The Religious Right

It concerns me very much that I repeatedly run into people who assume their views are ‘Christian’ because they can find verses to support them in the Bible.

On subjects like the discipline of children, capital punishment for criminals, ostracism of adulterers and homosexuals, for instance, these people have developed a punitive and bloodthirsty religion based on the Old Testament, which they call ‘Christianity’ as if it had come from the lips of Jesus himself.

What came from Jesus’s lips, of course, was something very different. On bringing up children, for instance, he said: “Suffer little children to come unto me … for of such is the Kingdom of God.” On crime and punishment “I say unto you, that you resist not evil, but to him that taketh thy coat, give thy cloak also … Love your enemies … Pray for them that despitefully use you.” On sexual sins, his words to the offender in John 8 were: “Neither do I condemn you: go and sin no more.”

The Old Testament is, of course, the foundation on which Christ based his teachings. But that does not mean that the Old Testament is the same thing as Christianity—else we would all be in danger of ‘hell fire’ if we failed to eat Kosher food, or wore blended cotton and polyester in our clothing.

My particular concern is the attitude many so called ‘Christians’ (I call them the “Alberta Report” variety) have towards those in prison, which basically seems to be to try and make life as unpleasant for them as possible. Crowded living quarters, no funds for toiletries, take away their colour TV, cut down on their chance of parole, and so their opportunity to re-enter the community with guidance to keep out of trouble in the future … The list goes on.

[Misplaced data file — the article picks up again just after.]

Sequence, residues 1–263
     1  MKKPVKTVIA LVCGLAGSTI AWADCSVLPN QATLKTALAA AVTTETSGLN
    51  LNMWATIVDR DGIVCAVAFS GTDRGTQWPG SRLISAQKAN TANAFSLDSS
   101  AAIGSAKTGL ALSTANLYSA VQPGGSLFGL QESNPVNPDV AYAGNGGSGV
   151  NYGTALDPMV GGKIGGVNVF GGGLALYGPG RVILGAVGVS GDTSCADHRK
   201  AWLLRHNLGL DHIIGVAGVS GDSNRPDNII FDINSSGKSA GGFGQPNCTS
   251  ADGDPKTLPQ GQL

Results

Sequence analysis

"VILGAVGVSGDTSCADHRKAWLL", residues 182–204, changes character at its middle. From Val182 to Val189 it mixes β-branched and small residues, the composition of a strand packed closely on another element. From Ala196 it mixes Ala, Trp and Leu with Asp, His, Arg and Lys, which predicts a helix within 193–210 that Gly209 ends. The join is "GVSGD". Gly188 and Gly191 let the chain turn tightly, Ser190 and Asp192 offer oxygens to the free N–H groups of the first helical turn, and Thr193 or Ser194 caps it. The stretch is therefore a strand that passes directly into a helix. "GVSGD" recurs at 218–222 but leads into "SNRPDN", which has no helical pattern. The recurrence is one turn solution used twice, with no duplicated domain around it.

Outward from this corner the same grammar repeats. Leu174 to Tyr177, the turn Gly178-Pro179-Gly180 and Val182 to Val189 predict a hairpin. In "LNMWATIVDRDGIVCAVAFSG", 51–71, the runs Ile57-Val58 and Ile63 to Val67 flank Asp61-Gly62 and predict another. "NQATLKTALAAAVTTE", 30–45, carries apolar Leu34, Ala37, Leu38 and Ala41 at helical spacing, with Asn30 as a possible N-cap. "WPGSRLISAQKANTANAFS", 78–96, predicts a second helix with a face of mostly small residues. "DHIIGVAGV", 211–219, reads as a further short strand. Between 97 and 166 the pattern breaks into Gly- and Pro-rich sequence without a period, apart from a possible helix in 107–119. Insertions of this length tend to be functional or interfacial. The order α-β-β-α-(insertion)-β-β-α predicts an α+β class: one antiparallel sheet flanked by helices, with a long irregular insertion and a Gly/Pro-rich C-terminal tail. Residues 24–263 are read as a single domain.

Don’t pretend that Christ ever ordered this behaviour towards sinners… But He did have some very harsh words to say to the ‘religious right’ of his own day—the Scribes and the Pharisees.

Makes you think, doesn’t it!

– Anglican Messenger, 1997

Begotten Again

Now that I have retired from the practice of Law, I have less chance to meet those who used to be my daily acquaintances. So it was a real pleasure the other day to run into my former associate, Dennis Edney, as both of us were shopping for groceries in the aisles of Sobey’s, Hawkestone.

Dennis, who deserves a medal for his devotion to the principles of justice and fair play, was recently back from Guantanamo Bay, where he had had a chance, long denied, to meet with his client, Omar Khadr. Omar, as a child soldier, had been arrested and imprisoned several years ago, after allegedly throwing a grenade at a U.S. soldier who was storming his compound, causing the latter’s death.

Since then, he had been kept for years in solitary confinement at Guantanamo, subject to repeated questioning, and humiliating abuse that fell very little short of torture. All this attempted to be justified by a military tribunal which appeared to wish to ignore the Geneva Convention, the convention on the treatment of child soldiers, and the Universal Declaration of Human Rights, as well as the regular procedures of the Common Law.